For MedTronic the upside of additive manufacturing is huge -from rapid prototyping to having more customized products for its customers. I really look forward to the day in which all of us have our own 3d printers at home and receive the blueprints from the designers.

    I also wonder what are the regulatory implications of this new techonology, as it will “distribute” a lot of power and resources, dilluting the regulatory power of government agencies (i.e.: anybody could make their own devices at home).

  7. Very interesting post! I would be curious to hear your thoughts on if companies in the health and science space should also be thinking about using 3D printers for mass manufacturing, rather than just rapid prototyping? And if so, what the time horizon may be on that? Also, I do think they should invest more heavily with people and machines to church out additional ideas. My personal view of rapid prototyping is that the quality matters much less than the quantity you can church on. I believe that because if you are on to something, even if it’s lesser quality, you can then invest more time and resources in making it of higher quality, but early on, quantity matters more.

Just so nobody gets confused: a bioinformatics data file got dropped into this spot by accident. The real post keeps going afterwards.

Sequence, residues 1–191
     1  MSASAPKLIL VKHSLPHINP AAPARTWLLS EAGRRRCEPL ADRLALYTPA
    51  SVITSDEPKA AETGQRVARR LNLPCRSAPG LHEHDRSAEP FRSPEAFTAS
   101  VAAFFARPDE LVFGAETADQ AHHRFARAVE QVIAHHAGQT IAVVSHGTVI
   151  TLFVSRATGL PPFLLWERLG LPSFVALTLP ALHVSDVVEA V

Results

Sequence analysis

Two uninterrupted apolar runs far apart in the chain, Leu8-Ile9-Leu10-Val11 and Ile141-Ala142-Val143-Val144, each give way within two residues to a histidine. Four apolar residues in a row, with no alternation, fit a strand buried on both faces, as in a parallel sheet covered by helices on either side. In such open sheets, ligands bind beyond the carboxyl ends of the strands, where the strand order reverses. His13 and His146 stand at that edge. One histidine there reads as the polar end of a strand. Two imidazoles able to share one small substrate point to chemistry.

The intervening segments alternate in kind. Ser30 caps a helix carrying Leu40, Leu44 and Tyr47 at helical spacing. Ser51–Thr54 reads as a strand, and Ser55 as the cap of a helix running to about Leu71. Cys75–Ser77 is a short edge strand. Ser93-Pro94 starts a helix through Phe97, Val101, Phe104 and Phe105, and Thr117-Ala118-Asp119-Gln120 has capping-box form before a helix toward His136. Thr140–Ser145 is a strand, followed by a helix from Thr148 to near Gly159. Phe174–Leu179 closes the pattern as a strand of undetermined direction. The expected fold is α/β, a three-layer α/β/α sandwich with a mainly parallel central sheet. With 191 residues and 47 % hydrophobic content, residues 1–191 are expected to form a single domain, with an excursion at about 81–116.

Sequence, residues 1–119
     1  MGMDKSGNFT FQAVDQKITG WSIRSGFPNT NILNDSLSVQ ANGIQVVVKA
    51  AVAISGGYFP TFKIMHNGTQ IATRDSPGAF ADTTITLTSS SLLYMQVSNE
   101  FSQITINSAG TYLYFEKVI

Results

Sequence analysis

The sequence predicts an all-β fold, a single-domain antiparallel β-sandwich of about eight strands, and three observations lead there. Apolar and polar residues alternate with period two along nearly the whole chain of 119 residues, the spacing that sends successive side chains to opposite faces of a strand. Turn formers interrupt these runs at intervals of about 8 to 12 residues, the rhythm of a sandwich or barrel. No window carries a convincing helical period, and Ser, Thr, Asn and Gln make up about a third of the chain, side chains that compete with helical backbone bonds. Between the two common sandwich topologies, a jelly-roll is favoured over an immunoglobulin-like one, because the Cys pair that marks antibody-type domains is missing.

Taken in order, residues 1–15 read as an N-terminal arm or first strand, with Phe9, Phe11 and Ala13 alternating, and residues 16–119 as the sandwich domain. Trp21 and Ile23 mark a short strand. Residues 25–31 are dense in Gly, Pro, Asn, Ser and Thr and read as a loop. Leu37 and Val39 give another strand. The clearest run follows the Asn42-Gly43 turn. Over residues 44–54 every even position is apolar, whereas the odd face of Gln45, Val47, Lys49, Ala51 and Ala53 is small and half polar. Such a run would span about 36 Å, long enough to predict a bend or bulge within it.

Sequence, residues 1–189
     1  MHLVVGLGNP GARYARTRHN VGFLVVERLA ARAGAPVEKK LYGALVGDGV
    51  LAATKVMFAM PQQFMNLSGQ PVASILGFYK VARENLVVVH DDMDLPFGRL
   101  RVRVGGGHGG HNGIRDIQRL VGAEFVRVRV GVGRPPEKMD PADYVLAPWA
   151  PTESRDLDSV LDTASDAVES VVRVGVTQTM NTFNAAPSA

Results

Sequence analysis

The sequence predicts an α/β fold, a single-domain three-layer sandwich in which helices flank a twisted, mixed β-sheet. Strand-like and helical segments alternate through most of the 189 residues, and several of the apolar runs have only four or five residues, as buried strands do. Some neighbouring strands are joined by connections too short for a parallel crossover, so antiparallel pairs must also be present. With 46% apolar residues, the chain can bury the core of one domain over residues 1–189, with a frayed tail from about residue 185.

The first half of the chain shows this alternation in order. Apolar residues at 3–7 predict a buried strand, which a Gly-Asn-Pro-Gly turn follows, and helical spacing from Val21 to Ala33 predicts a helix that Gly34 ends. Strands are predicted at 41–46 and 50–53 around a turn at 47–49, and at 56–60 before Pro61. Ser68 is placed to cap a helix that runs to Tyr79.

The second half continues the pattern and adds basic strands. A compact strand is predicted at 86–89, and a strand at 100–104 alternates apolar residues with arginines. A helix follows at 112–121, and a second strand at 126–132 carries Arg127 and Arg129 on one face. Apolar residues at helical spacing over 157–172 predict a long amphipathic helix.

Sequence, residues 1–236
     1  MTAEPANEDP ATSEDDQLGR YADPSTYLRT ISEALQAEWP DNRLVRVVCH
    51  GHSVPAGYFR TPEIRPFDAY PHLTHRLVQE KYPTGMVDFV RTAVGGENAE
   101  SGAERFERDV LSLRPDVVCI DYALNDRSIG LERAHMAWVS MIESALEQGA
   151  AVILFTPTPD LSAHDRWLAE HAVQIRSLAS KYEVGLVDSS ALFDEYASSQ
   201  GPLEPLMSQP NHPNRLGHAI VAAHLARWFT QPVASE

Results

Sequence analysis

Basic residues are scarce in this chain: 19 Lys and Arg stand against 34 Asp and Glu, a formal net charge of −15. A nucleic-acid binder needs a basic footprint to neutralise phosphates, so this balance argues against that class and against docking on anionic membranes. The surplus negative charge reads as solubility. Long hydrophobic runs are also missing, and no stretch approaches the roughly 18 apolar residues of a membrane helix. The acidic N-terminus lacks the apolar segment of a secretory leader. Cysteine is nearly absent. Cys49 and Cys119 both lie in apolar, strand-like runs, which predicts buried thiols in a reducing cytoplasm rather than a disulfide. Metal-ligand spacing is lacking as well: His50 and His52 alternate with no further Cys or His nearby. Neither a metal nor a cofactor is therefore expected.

8. I found particularly interesting your question whether rapid prototyping capabilities could dilute the quality of ideas developed into prototypes, particularly within healthcare players, as new inventions can be game-changers in peoples’ lives, quite literally. This applies not the least to medical device manufacturers such as Medtronic. I am quite convinced that -at least today- innovative ideas that can be revolutionary, particularly within healthcare, come from human minds. However, such ideas do not appear suddenly and turn into a finished and successful product. Rather, it is the process through which one discovers and develops ideas – it is there where the creativity flows. If relying too much upon rapid prototyping one may risk losing that human element of creativity and innovation that comes in experimenting, failing and learning, and thus as we move forward we must be very conscious of these risks and hedge against them.